Grateful Web Interview with The Motet
Grateful Web’s Evan Marks recently had a chance to catch up with some of the guys from Denver-based, The Motet. The Motet were playing a couple of shows to help celebrate Cervantes’ 10th Anniversary. The guys talked about their origins, influences, Jam Cruise and some of their favorite Motet shows thus far.
GW: Whoever has the most interesting story of how you found your way into the motet I’d like to hear it
Jans: That might be me. Well originally I knew Scott Messersmith the original percussionist of the Motet, and we actually studied West African music together. We both decided at the same time to go to Cuba to study Afro Cuban Folklore music, and on that trip to Cuba, he also brought along Dave Watts with him (Motet Drummer) and they were just forming a band called the Dave Watts Motet. Yeah, I met him there, I bought a guitar there and played him a bunch of original songs that I had done and when I got back from that trip they invited me to come join the band. So, I moved out from Oregon to Colorado and that was in the summer of 99'.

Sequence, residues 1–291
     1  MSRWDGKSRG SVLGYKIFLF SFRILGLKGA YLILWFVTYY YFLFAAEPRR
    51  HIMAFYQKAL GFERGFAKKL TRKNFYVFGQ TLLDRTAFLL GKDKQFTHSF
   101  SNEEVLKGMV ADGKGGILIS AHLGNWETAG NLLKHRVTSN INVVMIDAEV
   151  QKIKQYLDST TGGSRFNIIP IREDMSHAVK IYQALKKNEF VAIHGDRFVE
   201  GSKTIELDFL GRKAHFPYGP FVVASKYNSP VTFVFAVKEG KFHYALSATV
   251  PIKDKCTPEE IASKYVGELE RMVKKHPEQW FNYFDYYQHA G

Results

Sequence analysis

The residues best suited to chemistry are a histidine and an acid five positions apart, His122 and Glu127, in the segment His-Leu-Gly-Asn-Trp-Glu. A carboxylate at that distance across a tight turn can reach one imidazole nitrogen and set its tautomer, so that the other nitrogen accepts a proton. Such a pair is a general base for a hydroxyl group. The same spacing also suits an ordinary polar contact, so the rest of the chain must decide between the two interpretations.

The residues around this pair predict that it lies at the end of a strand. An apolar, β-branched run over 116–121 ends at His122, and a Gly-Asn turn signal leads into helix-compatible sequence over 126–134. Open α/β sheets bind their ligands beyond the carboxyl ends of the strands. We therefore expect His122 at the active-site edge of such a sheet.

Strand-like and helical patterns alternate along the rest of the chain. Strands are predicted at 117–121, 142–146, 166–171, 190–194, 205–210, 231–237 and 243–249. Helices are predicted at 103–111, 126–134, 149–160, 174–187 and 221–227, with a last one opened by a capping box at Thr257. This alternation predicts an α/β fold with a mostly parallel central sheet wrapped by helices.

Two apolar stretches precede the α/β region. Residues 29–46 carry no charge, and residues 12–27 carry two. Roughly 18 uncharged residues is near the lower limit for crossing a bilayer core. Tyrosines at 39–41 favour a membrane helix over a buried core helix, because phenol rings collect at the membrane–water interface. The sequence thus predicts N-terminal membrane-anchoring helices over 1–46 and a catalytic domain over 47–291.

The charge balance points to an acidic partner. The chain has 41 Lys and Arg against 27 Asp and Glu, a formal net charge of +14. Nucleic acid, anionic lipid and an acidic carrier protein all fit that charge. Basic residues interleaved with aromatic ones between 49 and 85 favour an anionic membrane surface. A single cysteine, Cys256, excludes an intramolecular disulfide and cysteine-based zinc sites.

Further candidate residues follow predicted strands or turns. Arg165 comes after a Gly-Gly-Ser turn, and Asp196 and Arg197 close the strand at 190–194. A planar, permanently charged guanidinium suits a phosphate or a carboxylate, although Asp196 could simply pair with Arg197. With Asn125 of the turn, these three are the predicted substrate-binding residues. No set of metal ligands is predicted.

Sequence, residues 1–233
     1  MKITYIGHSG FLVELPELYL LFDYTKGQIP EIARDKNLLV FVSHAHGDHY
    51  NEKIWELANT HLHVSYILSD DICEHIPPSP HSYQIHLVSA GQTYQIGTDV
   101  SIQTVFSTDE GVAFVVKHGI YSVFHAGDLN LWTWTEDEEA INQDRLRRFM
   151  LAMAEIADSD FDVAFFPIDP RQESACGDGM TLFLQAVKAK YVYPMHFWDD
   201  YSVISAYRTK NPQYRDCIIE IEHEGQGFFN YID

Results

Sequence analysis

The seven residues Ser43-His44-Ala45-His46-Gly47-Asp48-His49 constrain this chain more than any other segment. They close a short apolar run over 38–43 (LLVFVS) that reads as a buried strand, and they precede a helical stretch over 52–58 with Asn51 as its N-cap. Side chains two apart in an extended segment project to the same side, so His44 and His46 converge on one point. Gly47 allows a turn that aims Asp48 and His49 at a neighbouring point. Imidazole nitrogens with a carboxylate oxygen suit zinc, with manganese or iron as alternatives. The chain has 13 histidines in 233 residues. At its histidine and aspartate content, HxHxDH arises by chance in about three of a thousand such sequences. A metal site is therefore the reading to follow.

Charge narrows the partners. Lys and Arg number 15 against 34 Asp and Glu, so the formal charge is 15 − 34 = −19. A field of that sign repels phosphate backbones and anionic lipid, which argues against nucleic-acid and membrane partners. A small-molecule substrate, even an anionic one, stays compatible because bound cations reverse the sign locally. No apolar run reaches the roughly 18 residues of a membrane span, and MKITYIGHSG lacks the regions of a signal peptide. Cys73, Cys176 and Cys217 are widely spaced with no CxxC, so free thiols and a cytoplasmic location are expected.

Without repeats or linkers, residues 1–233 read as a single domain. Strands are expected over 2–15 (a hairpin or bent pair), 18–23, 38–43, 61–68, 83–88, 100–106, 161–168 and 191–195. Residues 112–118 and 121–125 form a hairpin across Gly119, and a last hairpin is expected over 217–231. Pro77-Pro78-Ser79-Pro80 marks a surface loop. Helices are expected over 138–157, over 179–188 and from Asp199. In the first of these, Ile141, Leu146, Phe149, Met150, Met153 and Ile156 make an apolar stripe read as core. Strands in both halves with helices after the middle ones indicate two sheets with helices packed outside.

GW: I have read a little bit about you (Jans) as well as Dave, so I would like to ask the horns players this question, "what are some of your main influences?”
Matt: I come from a jazz background, for sure. Until I joined the Motet that was kind of my main bag, so all those guys, John Coltrane, Charlie Parker, Cannonball Adderley. As far as having gotten into the jazz-funk scene I guess honestly the old sax player (of the Motet) who is here tonight, Dominic Lalli was a big influence, listening to his recordings and how he would you know, mold melodies and work with motives and stuff to make these long jam sections interesting and really developed. [Also] Some of the guys from Lettuce, Ryan Zoidis, he's really funky, I enjoy his playing and I've learned a lot from listening to him, playing with him.